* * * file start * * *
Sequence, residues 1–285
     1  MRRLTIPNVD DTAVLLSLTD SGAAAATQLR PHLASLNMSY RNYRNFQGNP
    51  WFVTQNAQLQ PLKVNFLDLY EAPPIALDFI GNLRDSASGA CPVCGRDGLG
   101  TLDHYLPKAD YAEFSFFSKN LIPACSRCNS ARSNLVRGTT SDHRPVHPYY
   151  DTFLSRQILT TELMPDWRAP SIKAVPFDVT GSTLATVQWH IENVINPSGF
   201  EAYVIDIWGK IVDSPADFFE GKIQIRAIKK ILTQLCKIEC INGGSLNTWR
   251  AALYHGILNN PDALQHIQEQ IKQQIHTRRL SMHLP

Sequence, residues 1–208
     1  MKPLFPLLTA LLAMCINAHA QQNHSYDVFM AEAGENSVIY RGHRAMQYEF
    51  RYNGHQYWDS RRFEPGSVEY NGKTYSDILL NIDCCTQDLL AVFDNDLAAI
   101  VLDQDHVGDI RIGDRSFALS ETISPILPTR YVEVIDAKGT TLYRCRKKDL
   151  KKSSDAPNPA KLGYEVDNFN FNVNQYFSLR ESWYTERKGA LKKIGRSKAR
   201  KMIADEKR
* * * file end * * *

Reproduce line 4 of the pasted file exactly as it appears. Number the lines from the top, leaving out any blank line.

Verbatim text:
   101  TLDHYLPKAD YAEFSFFSKN LIPACSRCNS ARSNLVRGTT SDHRPVHPYY